Rembco plugs a leaky mine
For a mine owner, groundwater is a constant concern – even after the mine is closed. That was the case for the owners of Black Wolf coal mine near Bluefield, West Virginia. As their federal lease neared its end, groundwater seepage from the mine was likely to interfere with the land reverting back to federal control. While the mine was still in operation, a temporary water removal system had kept the inflow under control. But now, the water was collecting in the tunnels…the removal system was overwhelmed…and the water was sheeting-out onto adjoining property. It was also seeping into the soil, moving underground, and re-emerging on adjacent property. Black Wolf called Rembco to stop the flow.
“The job was two-fold,” explains Rembco Project Manager, James Grubbs. “Black Wolf wanted us to stop the water migration. They also wanted us to seal the surface openings to stop water from escaping.” The two operations called for two different solutions.
First, to stop the below ground migration, Rembco used permeation grouting – performing a series of acrylamide injections to form an underground grout curtain. “This approach is ideal for containing underground water,” says Rembco General Superintendent, Tim Adkins. “Acrylamide solidifies into a gel in a very predictable manner. Once its gel time is reached, it forms a matrix of gel and soil that is impermeable to water. When mixed to achieve very short gel times, it will even perform in moving water”, adds Adkins. The grout curtain stopped the underground water migration, but sealing the surface openings required a different approach.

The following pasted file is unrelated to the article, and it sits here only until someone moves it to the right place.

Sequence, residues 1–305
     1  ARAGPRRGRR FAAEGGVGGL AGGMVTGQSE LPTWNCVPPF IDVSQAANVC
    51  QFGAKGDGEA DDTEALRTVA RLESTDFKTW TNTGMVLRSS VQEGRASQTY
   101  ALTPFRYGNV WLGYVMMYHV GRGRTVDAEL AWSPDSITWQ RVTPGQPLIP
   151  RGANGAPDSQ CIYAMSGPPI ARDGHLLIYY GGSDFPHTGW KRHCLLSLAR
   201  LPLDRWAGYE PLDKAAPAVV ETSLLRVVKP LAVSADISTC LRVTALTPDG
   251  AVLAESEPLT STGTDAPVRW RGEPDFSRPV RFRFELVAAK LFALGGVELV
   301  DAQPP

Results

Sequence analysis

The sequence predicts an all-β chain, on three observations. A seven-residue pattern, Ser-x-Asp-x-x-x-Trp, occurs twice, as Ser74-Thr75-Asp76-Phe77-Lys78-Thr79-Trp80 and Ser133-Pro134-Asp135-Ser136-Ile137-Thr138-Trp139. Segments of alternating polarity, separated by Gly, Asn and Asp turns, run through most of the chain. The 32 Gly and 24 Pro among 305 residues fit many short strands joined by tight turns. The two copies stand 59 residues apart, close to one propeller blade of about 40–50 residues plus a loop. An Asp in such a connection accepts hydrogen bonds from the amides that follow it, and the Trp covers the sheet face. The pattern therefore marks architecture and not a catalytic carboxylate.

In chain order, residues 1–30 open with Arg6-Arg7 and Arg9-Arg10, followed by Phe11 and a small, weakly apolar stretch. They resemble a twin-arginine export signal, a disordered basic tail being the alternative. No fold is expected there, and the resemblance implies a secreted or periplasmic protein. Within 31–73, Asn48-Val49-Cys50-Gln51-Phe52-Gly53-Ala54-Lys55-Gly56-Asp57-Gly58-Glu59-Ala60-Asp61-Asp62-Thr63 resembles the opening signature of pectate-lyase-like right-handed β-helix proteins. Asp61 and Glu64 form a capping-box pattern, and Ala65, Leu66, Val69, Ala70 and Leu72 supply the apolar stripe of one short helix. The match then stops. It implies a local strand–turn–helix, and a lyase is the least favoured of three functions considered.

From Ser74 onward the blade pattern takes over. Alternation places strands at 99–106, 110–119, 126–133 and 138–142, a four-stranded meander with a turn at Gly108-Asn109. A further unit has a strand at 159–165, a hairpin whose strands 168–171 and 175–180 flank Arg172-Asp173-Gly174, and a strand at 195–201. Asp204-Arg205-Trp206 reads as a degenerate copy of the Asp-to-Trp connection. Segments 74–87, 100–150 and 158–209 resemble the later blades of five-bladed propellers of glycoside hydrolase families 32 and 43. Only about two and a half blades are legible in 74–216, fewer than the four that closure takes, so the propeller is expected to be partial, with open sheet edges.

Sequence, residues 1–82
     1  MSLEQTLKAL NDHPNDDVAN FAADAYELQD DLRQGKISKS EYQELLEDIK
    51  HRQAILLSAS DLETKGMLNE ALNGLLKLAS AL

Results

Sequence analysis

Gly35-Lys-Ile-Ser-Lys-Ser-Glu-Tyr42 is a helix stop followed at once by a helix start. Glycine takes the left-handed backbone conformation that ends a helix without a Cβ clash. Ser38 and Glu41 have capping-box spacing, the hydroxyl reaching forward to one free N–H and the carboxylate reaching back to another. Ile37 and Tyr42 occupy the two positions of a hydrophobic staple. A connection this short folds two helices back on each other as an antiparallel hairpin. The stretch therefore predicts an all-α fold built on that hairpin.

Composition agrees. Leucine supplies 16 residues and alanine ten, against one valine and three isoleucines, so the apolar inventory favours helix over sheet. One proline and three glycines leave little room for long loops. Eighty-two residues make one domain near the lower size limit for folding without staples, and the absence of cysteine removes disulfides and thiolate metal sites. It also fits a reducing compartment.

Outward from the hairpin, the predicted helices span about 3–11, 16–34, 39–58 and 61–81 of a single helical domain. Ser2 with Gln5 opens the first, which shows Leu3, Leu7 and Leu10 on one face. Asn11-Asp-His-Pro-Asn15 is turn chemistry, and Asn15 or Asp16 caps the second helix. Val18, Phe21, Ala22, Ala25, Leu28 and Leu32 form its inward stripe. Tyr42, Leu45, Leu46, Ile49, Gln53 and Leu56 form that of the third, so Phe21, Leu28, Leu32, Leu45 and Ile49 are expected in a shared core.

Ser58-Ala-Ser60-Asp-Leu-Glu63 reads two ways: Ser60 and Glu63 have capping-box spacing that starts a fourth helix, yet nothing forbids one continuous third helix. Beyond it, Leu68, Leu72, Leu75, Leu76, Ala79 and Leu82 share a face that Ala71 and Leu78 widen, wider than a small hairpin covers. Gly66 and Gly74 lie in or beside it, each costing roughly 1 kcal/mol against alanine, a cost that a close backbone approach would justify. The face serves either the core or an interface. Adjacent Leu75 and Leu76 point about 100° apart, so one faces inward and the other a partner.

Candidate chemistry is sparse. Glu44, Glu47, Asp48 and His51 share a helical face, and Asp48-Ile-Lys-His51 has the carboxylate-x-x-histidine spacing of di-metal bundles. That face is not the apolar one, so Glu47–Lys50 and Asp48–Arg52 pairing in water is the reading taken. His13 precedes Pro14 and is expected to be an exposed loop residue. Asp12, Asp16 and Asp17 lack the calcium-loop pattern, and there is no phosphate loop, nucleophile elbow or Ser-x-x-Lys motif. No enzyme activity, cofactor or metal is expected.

Shotcrete at the surface
Next, to cap the mine shaft openings, Rembco elected to seal the five surface openings with concrete. “If possible, we would have brought in ready mix ” says Grubbs, “but due to the remote location of the mine, that wasn’t a good option.” Fortunately, Rembco had just the right piece of equipment: a “dry shotcrete pot” that could easily be brought to the site. “The shotcrete pot uses a dry mix of sand and cement” Grubbs explains, “that allows us to stockpile materials on location and dry-mix them in a hopper. Water is then added at just the right ratio as the mixture is sprayed thru a nozzle onto the receiving surface.” This method worked just as planned and prevented further runoff from the mine shaft.
Signed, sealed, delivered
With the underground seepage stopped and the surface openings sealed, the project objectives were achieved. Black Wolf tamed. If you experience similar problems, we can help you tame those, too! Please give us a cal at 865-671-2925.